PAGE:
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Unable to pay your EMIs? This is what you can do!


With a 62% increase in women borrowers, Indian women are not only borrowing much more than they did before but also funding their own education or buying houses and cars with these loans.


Taking a loan also comes with the responsibility of repaying your dues on time. Job loss, medical emergency, high household expenses - there are various situations that can cause a cash crunch and prevent you from paying your EMIs on time. So what do you do in such times? Let’s understand the impact of defaulting on your loan repayment and what you can do to rectify the solution.


What is the impact of defaulting on my EMI?


  • Late fees and penalty charges

  • Lowered credit score

  • Difficulty in obtaining a loan in the future

  • Higher interest rates on existing and future loans

  • Your co-applicant/ guarantor becomes liable to repay the dues

  • If it is a credit card bill, you have to pay excessively high-interest rates on the outstanding amount and your credit limit will be reduced.

  • If it is a home/car loan, you may lose possession of your home/car.

What happens if I default on my Credit Card bill/ Personal Loan EMI?


If you are unable to pay credit card dues for 1 or 2 consecutive months, the lender will send multiple reminders to clear the outstanding dues. While this is not counted as a default, your credit score will be negatively impacted. You will also have to pay a penalty fee, though some lenders give an additional grace period during which no late payment charges apply.


If you do not clear dues for more than 3 months (time varies from lender to lender), a default notice is sent to you. At this point you can try and negotiate with the lender. If you fail to come to an understanding with the lender, a police complaint can be filed or legal proceedings can be initiated against you. The lender can also engage the dreaded Loan Recovery Agents to make you repay the amount.


If you are still unable to pay the dues, your account is classified as a Non-Performing Asset and the lender can file a lawsuit against you or sell your debt to a debt collection agency.


What happens if I default on a Secured Loan (Home or Car Loan) EMI?


For the first 3 months (90 days) of not paying your EMIs, you are only charged interest on your dues and will receive continuous reminders from the lender to clear your dues.


If you fail to pay your EMIs for 3 consecutive months, lenders consider it as a default and take action. The lender will then send you a notice of default, giving a period within which you must repay the outstanding amount or lose possession of the asset (house/car) that you have provided as a collateral.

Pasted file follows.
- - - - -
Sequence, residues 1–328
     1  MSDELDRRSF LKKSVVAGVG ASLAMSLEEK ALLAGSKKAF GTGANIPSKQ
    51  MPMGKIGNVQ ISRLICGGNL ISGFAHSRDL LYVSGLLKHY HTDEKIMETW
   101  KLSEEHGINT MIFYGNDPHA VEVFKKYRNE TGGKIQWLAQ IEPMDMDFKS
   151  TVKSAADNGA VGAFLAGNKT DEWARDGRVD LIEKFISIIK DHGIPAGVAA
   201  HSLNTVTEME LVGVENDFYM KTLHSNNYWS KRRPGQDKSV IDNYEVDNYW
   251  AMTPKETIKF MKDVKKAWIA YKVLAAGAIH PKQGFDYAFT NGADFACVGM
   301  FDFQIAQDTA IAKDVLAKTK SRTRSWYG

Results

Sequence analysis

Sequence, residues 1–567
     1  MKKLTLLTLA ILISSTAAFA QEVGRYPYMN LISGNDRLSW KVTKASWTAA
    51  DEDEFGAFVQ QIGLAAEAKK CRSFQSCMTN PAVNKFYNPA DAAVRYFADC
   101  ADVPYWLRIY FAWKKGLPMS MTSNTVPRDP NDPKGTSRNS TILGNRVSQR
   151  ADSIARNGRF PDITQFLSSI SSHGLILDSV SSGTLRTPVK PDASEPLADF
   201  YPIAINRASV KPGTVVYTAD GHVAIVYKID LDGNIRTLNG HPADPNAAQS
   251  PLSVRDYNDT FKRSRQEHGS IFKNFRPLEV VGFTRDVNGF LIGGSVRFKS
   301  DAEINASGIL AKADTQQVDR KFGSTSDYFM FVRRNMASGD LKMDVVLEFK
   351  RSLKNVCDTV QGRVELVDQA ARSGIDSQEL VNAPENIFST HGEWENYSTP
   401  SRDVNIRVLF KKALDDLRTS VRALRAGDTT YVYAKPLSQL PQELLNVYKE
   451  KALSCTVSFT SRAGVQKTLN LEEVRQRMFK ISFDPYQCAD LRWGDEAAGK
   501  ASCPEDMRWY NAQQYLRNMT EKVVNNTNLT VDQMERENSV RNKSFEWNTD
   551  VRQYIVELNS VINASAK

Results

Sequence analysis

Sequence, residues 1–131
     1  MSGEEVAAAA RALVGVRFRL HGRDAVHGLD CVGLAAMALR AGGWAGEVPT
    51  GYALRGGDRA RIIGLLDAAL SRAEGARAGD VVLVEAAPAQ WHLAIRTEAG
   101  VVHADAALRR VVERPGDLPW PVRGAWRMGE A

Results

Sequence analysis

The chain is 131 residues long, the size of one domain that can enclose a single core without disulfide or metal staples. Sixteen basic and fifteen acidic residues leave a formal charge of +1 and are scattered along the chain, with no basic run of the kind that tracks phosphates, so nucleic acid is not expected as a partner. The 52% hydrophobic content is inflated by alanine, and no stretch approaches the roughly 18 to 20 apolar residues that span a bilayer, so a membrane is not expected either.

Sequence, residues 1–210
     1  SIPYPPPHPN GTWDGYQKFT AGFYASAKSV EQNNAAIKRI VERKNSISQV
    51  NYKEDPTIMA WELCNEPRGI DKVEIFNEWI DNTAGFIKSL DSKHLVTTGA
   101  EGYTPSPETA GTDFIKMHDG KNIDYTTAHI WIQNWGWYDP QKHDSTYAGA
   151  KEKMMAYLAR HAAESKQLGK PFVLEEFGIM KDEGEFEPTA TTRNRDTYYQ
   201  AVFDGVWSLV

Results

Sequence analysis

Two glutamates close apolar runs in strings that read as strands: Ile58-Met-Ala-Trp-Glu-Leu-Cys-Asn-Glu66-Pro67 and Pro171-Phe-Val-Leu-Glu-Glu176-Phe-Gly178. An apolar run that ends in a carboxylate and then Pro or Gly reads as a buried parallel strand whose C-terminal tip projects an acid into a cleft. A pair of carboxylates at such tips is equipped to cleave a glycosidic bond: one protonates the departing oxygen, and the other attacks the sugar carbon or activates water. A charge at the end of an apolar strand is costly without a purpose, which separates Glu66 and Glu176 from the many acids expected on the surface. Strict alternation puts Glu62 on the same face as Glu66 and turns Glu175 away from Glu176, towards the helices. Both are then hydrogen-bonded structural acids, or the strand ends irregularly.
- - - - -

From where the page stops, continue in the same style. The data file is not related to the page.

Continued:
If you are unable to pay your dues within the period mentioned in the notice, the lender will take possession of the asset. An auction is then held to sell this asset to the top bidder. The money received from the sale of asset is used to settle your dues and pay the auction expenses.

If the money received from the sale of the asset is not enough to clear your outstanding dues, you are liable to pay the balance. If you fail to repay this outstanding amount as well, the lender will appoint a third party debt collection agency to recover the dues and may also initiate legal proceedings.

What should I do if I am unable to pay my EMIs?


Take Loan Insurance in advance – While taking a high value loan like a home loan, it is advisable to also take a loan insurance (loan protection insurance). This insurance will cover for your missed EMI payments for a short period in case of genuine reasons like job loss or medical emergency.


Use your Emergency Fund – The very purpose of Emergency Funds is to rescue you in bad situations. You can utilize your Emergency Fund to repay your dues.


Raise funds by selling assets – You can sell assets such as a property bought for investments or jewellery to clear your outstanding dues.


Negotiate with your lender – If you have been regular in paying your dues and a genuine reason has made it difficult for you to repay the loan you have the following options - 1. Deferring payment – By assessing your credit history and situation the lender may give you temporary relief to skip a month or two of EMIs. However, you will be charged a penalty during this grace period.

2. Reduction in EMI – The lender may reduce your EMI by either increasing the loan tenure or reduce the interest rate.


3. One time settlement (OTS) – The lender permits you to make a one-time payment to settle your dues by reducing the principal and waiving of the interest and charges. The OTS option drastically reduces your credit score and finds a mention in your credit report as well.


Bottom Line


Always keep in mind your income before taking a loan. The total of all your EMIs should not be more than 50% of your income. Even with considerable planning, you may still face an unforeseen situation that might impact your ability to repay your EMIs. In such cases, instead of running away from the lender, you should try and come to a compromise with your lender. While lenders specify the terms and conditions with respect to defaults in the loan agreement, they are open to negotiating and finding a solution, if you default on your loan.

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This article is written by Namrata Patel for Basis

Basis is a first-of-its-kind platform, aimed at enabling women to achieve financial independence through expert advice, in-app knowledge Boosters and supportive communities.

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